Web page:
Want to find out your negotiator type? Take the quiz now!

Tailoring Communication Techniques

To mitigate conflicts arising from mismatched negotiation types, one effective strategy, a nuance of Tactical Empathy™, is to modify your own communication patterns to better align with your counterpart's style. When dealing with Accommodators, ask gentle, open-ended questions that draw them out and make them feel heard. Don’t underestimate their desire for “small-talk” and other friendly banter unrelated to the topic at hand.  Be careful with the use of Dynamic Silence.  Voids in the conversation can produce negative emotions for them.

On the other hand, when negotiating with Analysts, appeal to their logic by sharing unemotional, objective data. Small talk is not appealing. Dynamic Silence…they love it because it gives them time to process.

Be crisp and concise when engaging with Assertives, who prefer to focus on “winning” and making quick decisions.  They will eat up Dynamic Silence because they love to convey how smart/tough they are.  Like the Analysts…no need for small talk.

By adapting your communication style to match your counterpart's personality type, you build the foundation for a productive negotiation.

Self-awareness and Adaptation Strategies

Being aware of personality differences requires being equally self-aware of one's hot buttons and defaults going into the negotiation and when the pressure hits. One of the best ways to get ahead of potential misreads is by using an Accusation Audit™ at the beginning of the interaction. This strategic technique involves addressing the negative perceptions your counterpart may have of you before they even arise. For example, as an Analyst negotiating with an Accommodator, you might start with, "At some point during this conversation, I am going to get quiet, and you might think I am angry or disengaged. I want you to know that this is just my process, and it doesn't mean you've done anything wrong."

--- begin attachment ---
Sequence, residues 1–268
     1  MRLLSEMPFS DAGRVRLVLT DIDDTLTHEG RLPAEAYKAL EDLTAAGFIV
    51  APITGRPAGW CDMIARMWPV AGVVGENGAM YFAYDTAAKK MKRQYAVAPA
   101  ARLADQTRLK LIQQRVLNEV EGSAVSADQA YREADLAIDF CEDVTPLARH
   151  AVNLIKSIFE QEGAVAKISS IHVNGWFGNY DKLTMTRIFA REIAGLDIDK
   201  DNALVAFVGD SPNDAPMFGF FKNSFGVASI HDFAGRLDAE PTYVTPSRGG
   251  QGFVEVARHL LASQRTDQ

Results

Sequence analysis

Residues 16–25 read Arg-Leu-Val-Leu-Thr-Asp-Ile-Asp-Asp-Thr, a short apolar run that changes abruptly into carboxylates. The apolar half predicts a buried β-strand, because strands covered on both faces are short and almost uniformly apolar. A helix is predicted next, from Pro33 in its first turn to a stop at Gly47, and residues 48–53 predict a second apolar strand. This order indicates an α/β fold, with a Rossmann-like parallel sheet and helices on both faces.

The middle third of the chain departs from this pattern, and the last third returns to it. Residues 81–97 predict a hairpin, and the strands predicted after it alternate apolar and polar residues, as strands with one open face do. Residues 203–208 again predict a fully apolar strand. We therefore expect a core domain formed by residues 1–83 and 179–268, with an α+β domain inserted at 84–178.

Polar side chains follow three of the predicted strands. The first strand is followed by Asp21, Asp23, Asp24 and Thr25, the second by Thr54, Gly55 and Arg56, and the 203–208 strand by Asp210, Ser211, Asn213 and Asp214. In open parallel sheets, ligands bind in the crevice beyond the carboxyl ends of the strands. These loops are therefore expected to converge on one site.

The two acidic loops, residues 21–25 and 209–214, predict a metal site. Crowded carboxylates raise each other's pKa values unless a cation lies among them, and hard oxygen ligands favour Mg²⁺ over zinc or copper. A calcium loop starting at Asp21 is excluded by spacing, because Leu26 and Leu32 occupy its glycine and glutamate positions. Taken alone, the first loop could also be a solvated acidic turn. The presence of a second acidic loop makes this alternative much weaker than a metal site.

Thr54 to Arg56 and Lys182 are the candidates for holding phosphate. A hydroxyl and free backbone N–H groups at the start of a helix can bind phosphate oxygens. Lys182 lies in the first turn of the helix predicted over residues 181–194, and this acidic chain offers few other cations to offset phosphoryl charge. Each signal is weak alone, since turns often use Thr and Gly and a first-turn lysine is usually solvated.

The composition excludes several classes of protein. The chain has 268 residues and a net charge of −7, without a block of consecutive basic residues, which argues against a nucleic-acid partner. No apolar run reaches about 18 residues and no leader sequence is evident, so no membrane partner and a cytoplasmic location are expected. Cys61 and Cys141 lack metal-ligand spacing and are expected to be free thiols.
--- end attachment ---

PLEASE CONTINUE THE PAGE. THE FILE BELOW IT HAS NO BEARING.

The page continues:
Adjusting one's innate inclinations demands discipline, commitment to understanding diverse perspectives, and an openness to meeting others where they stand. Accommodators, Analysts, and Assertives walk into interactions with distinct preferences, sensitivities, and reflexive reactions that shape their discourse. Making the effort to understand and adapt pays huge dividends for resolving sticky conflicts. This starts with knowing your negotiator type…your default…who you are when you get smacked in the face. Who are you when somebody's breaking into your house? Who are you when you get hit in the face with a brick? What is your initial reaction when you are being attacked?

To gain deeper insight into your own negotiation style and learn how to leverage your strengths while mitigating potential weaknesses, we encourage you to take our negotiator-type quiz. By investing in this self-discovery process, you'll be better equipped to handle the challenges of high-stakes negotiations and drive more successful outcomes for both yourself and your counterparts.